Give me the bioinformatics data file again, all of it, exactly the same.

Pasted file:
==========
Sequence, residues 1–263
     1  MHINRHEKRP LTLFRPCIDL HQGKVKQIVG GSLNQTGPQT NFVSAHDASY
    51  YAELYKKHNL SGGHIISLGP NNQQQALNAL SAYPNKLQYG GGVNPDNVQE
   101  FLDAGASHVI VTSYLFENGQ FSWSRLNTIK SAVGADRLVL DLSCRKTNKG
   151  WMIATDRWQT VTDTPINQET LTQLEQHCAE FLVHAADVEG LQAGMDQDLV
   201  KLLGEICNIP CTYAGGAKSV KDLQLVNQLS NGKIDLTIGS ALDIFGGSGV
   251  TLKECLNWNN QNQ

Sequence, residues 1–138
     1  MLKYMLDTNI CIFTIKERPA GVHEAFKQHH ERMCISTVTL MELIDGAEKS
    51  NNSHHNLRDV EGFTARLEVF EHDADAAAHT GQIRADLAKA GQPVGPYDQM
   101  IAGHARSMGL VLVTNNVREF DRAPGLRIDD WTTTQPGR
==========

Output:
Sequence, residues 1–263
     1  MHINRHEKRP LTLFRPCIDL HQGKVKQIVG GSLNQTGPQT NFVSAHDASY
    51  YAELYKKHNL SGGHIISLGP NNQQQALNAL SAYPNKLQYG GGVNPDNVQE
   101  FLDAGASHVI VTSYLFENGQ FSWSRLNTIK SAVGADRLVL DLSCRKTNKG
   151  WMIATDRWQT VTDTPINQET LTQLEQHCAE FLVHAADVEG LQAGMDQDLV
   201  KLLGEICNIP CTYAGGAKSV KDLQLVNQLS NGKIDLTIGS ALDIFGGSGV
   251  TLKECLNWNN QNQ

Sequence, residues 1–138
     1  MLKYMLDTNI CIFTIKERPA GVHEAFKQHH ERMCISTVTL MELIDGAEKS
    51  NNSHHNLRDV EGFTARLEVF EHDADAAAHT GQIRADLAKA GQPVGPYDQM
   101  IAGHARSMGL VLVTNNVREF DRAPGLRIDD WTTTQPGR